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From Rob Weir <>
Subject Re: Commit messages
Date Tue, 30 Aug 2011 17:54:13 GMT
On Tue, Aug 30, 2011 at 1:46 PM, Marcus (OOo) <> wrote:
> Do you remember this one and its usage? ;-)
> It doesn't make sense to have a issue ID for *every* problem that
> can/should/has to be fixed in the code. Especially for a build breaker fix
> in a single line of code a detailed commit message is really sufficient.

Something to keep in mind is that we agree to have different policies
during different phases of a release cycle.  For example, at the
beginning of a release we would have a lenient policy:  Commit Then
Review, no requirement for pre-existing BZ issues, etc.  But then
after we branch for stabilization, or maybe after beta, or at some
point where stability is the overriding concern, then we could switch
to a policy of: Review then Commit, no commits unless accompanied by a
BZ issue number, etc.

There is a time for "bureaucracy" and we should not hesitate to be
strict.  But maybe we can narrow this to a small portion of the
release cycle?


> Marcus
> Am 08/30/2011 06:53 PM, schrieb Michael Stahl:
>> On 30.08.2011 17:53, Tor Lillqvist wrote:
>>>>> I'd like to see commit log/messages containing the number of fixed
>>>>> issue referenced and no commit
>>>>> messages without that number.
>>> So people would not be allowed to improve things without first filing
>>> issues? Isn't that the kind of bureucracy that gave OOo a bad
>>> reputation among people who then created LibreOffice?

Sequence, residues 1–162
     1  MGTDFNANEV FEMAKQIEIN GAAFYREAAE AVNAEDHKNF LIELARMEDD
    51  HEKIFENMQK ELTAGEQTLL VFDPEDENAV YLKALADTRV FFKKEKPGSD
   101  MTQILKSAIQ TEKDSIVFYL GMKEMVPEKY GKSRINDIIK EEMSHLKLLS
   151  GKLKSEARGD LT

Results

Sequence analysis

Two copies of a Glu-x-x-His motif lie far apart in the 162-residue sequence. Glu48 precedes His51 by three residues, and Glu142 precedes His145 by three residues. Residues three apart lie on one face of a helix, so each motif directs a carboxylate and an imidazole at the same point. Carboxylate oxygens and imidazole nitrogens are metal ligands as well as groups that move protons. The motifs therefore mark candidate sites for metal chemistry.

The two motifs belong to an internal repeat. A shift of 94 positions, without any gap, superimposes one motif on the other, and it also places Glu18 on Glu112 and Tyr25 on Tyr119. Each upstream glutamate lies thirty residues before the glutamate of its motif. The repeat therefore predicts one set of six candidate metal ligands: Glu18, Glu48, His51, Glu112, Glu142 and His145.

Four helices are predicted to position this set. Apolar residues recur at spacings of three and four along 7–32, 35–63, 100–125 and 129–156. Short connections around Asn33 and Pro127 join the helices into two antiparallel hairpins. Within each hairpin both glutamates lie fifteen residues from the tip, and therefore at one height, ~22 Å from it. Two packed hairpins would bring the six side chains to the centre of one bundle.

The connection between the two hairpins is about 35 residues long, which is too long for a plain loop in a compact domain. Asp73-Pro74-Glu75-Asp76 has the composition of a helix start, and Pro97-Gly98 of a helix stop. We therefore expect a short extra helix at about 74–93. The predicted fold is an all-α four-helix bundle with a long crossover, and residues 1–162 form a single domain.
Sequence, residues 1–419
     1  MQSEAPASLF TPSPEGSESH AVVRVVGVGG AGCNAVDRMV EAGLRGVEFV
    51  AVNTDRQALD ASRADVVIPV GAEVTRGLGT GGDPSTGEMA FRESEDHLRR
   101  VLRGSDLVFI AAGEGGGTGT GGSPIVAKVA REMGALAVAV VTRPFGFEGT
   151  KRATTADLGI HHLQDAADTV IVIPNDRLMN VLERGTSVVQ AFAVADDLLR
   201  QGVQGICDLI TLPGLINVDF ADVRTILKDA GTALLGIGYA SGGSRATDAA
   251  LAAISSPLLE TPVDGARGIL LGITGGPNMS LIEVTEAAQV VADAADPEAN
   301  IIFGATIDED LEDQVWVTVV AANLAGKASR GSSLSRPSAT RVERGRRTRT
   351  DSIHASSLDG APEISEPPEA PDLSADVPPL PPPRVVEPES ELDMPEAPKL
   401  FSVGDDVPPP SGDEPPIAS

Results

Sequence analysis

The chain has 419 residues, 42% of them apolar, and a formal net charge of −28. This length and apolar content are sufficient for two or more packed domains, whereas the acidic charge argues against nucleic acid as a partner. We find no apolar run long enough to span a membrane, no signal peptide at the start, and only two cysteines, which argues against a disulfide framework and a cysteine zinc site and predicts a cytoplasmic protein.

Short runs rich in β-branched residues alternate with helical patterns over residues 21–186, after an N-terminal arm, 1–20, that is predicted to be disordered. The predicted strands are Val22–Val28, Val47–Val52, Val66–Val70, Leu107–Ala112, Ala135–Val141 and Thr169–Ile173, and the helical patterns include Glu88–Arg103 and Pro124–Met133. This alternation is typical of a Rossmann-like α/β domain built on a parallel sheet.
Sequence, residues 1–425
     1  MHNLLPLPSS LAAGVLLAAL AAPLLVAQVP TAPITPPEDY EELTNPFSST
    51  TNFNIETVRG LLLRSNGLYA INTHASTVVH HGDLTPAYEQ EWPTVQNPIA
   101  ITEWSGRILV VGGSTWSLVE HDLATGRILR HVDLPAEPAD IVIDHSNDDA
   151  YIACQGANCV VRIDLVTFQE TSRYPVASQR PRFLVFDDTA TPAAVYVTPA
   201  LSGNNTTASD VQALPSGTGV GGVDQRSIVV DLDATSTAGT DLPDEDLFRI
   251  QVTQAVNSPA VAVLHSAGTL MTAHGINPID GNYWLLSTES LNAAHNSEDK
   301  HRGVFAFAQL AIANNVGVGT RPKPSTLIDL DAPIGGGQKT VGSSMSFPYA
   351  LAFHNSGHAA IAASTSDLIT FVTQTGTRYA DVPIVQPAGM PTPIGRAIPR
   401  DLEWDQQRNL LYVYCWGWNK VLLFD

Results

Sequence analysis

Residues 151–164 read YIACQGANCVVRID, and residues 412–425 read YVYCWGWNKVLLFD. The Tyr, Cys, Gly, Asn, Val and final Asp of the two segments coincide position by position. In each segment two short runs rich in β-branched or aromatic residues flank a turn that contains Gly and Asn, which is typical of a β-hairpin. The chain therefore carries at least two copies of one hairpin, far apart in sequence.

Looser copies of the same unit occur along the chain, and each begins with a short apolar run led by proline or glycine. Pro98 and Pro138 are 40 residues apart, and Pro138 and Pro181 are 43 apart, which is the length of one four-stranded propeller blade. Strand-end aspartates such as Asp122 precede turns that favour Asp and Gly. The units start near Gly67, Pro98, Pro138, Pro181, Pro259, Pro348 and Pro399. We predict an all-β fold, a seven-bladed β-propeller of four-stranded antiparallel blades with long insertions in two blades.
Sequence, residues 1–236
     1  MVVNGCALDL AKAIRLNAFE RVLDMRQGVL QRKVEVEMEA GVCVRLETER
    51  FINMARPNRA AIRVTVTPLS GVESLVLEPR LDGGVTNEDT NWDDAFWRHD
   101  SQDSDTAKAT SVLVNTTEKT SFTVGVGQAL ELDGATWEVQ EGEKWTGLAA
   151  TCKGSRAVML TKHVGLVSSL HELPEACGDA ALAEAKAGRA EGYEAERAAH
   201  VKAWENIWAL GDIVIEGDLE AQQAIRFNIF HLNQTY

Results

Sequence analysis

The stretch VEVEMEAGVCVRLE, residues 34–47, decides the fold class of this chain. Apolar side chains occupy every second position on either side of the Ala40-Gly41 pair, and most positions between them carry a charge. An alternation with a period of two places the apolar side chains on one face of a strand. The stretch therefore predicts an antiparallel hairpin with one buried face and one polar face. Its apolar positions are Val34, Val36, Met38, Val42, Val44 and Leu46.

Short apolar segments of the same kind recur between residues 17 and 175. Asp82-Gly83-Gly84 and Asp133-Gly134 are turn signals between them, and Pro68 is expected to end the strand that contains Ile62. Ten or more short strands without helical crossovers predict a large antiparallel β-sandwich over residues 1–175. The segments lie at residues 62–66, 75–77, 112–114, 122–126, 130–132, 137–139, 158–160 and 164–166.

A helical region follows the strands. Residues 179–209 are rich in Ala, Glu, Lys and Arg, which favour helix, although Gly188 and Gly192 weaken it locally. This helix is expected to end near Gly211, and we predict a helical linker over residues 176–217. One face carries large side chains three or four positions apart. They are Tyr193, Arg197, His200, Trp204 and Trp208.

>> i also think that requiring an issue id and thus an issue in the
>> bugtracker for every commit is overkill.
>> there are lots of trivial problems that always pop up (especially
>> considering that we support many different platforms, and it's not
>> really possible to test all of them before every commit).
>> on the other hand, if there already is an issue for whatever is fixed by
>> a commit, then that commit should be required to contain the issue id.
>>> Also, having an issue number in the commit message is not really that
>>> helpful, if the commit message is a short one-liner, the bug report
>>> doesn't describe what the changed/added/fixed code actually does
>>> either, and no useful comments are added.
>> indeed, that sometimes bothered me in the past as well.
>> if a bug fix isn't totally obvious, then there should be a comment
>> somewhere, whether in the code, the commit message, or the issue
>> referred to by the commit message, as to what went wrong and why this is
>> the right fix.
>>> --tml
>> regards,
>>  michael

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